The Wall Street Journal (WSJ) has this week published the findings of an investigative report into Facebook, inclusive of what it claims are internal documents. One slide posted on the company message board is reported to say, “Thirty-two percent of teen girls said that when they felt bad about their bodies, Instagram made them feel worse,” while an internal programme known as XCheck has given millions of celebrities and other high-profile users special treatment that exempts them from certain rules.
In the two-part investigative report, WSJ reporter, Jeff Horwitz, hones-in on the following areas:
- ‘Facebook Says Its Rules Apply to All. Company Documents Reveal a Secret Elite That’s Exempt. A program known as XCheck has given millions of celebrities, politicians and other high-profile users special treatment, a privilege many abuse.’
- ‘Facebook Knows Instagram Is Toxic for Teen Girls, Company Documents Show… Its own in-depth research shows a significant teen mental-health issue that Facebook plays down in public.’
You can read both parts of the investigation on the publication’s website, and as an introduction to some of the key issues they expose, we here highlight key passages from each:
On celebrity whitelisting
‘At times, the documents show, XCheck has protected public figures whose posts contain harassment or incitement to violence, violations that would typically lead to sanctions for regular users. In 2019, it allowed international soccer star Neymar to show nude photos of a woman, who had accused him of rape, to tens of millions of his fans before the content was removed by Facebook. Whitelisted accounts shared inflammatory claims that Facebook’s fact checkers deemed false, including that vaccines are deadly, that Hillary Clinton had covered up “pedophile rings,” and that then-President Donald Trump had called all refugees seeking asylum “animals,” according to the documents.’
On Instagram’s toxicity to teenage girls
‘In public, Facebook has consistently played down the app’s negative effects on teens, and hasn’t made its research public or available to academics or lawmakers who have asked for it. “The research that we’ve seen is that using social apps to connect with other people can have positive mental-health benefits,” CEO Mark Zuckerberg said at a congressional hearing in March 2021 when asked about children and mental health.’
But: ‘For the past three years, Facebook has been conducting studies into how its photo-sharing app affects its millions of young users. Repeatedly, the company’s researchers found that Instagram is harmful for a sizable percentage of them, most notably teenage girls. “We make body image issues worse for one in three teen girls,” said one slide from 2019, summarizing research about teen girls who experience the issues.
“Teens blame Instagram for increases in the rate of anxiety and depression,” said another slide. “This reaction was unprompted and consistent across all groups.” Among teens who reported suicidal thoughts, 13% of British users and 6% of American users traced the desire to kill themselves to Instagram, one presentation showed.’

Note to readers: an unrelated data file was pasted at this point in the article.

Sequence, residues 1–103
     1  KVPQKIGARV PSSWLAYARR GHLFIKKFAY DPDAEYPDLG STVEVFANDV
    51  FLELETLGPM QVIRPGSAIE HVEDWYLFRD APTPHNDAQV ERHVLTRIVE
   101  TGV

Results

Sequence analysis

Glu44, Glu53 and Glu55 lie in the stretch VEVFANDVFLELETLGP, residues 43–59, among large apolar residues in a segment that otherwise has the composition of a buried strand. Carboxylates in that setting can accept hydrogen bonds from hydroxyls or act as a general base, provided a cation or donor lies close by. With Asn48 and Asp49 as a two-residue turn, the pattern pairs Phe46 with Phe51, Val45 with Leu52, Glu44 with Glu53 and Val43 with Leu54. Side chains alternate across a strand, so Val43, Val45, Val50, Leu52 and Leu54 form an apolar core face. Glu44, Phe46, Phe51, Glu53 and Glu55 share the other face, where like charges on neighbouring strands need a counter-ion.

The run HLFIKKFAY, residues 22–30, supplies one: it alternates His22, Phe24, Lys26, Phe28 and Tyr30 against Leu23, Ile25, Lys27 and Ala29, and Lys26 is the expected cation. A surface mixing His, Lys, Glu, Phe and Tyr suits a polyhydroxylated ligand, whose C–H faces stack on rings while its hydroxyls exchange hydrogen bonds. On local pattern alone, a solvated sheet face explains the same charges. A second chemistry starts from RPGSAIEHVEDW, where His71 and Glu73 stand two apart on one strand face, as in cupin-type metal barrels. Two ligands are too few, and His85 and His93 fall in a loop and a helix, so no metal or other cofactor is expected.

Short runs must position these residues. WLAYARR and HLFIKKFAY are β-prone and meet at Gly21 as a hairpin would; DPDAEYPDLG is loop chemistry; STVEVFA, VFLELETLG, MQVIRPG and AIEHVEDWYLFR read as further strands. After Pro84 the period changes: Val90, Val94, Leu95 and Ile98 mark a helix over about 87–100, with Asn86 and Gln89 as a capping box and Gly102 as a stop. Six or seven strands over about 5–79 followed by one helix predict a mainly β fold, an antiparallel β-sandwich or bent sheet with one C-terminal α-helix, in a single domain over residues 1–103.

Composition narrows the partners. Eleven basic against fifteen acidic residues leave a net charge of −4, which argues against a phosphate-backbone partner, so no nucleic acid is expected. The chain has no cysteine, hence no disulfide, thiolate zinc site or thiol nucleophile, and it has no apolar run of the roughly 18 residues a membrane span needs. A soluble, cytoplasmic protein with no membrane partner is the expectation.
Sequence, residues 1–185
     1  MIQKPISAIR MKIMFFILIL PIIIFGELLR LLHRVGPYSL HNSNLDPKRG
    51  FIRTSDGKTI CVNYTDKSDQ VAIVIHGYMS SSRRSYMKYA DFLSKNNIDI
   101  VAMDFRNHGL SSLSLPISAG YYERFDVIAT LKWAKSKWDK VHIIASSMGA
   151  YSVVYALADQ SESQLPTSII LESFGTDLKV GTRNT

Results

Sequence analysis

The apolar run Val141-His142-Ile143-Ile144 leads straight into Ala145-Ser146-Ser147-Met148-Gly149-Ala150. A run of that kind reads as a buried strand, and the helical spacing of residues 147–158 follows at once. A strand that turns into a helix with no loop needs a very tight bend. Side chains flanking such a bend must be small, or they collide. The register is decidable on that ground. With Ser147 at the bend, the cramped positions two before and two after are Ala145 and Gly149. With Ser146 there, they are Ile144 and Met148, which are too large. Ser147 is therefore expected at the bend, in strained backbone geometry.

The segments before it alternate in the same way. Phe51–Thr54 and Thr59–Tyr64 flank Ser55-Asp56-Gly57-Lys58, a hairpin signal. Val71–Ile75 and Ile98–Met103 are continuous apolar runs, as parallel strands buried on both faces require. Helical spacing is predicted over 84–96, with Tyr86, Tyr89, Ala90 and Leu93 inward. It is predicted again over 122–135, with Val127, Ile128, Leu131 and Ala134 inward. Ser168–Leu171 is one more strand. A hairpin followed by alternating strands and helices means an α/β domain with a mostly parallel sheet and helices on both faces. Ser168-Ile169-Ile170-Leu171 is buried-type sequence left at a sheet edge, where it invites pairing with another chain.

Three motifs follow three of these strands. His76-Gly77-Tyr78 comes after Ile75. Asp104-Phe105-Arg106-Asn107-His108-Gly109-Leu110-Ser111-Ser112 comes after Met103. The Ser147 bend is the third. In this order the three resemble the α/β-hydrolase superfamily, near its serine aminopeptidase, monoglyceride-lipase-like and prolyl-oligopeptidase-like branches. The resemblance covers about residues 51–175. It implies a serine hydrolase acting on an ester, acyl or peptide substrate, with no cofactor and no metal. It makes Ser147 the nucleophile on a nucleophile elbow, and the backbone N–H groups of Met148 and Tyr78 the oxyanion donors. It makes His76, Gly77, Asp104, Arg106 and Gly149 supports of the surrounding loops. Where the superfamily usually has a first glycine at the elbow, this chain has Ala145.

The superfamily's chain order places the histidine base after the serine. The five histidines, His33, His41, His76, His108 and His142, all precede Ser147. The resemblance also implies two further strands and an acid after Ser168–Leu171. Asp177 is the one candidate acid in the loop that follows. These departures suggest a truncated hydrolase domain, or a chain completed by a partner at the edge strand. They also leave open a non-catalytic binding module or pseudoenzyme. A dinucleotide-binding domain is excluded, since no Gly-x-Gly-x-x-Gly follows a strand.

This is of course not the first time that the social media giant has found itself in hot water in recent months, as our Global Media Tech Tracker demonstrates. But even by the level of controversy that some may have become accustomed to seeing around the platform, this investigation appears damming.
“These latest revelations about Facebook are shocking,” says James Hewes, President & CEO for FIPP. “The Wall Street Journal should be commended on another excellent piece of investigative journalism. No company is perfect and no consumer can reasonably expect that they should be.”
“However, they do expect a company that is aware of the harm it is doing to act in the best interests of society. Unfortunately, Facebook continues to act in ways that actively damages its consumers and society more broadly. What emerges from the first tranche of these revelations is that Facebook doesn’t really care about the harm it knows it’s doing, is probably incapable of acting on them even if it did care, and is so utterly consumed with its gargantuan bottom line that the idea of investing in the resources needed to mitigate these harms is unthinkable to them.”
“The case for proper external regulation and oversight has never been greater.”
On Twitter, Jason Kint, CEO of Digital Content Next (DCN) voiced his own concerns about the issues the WSJ investigation raises:
“Neymar’s accounts – all of them – across Facebook need to be permanently disabled. Flat out. According to WSJ report, you have a top 20 global influencer using Facebook as the weapon for revenge porn. When this happens, Facebook is supposed to permanently delete the account. [WSJ] Podcast adds critical context here. It was a zero tolerance issue. A Facebook employee saw it quickly but was not able to take down the post let alone delete account… because Neymar was on the VIP exemption list resulting in 24hrs, 50mm+ views of revenge porn.”
The WSJ investigation isn’t the only source of heightened controversy for Facebook right now. Last week, in conjunction with Ray-Ban, the company launched its new collection of smart glasses, complete with in-built cameras, speaker, microphone and voice assistant. Immediately, commentators began drawing attention to the privacy concerns that such technology brings: ‘Facebook is aware that the glasses, on sale now for £299/$299, are a difficult pitch from a company with a complicated relationship to user privacy,” wrote Alex Hern in The Guardian.
It’s a tricky year for the at one time posterboy the Web 2.0 age, but if this latest set of revelations from The WSJ is anything to go by, it could be about to get a whole lot trickier.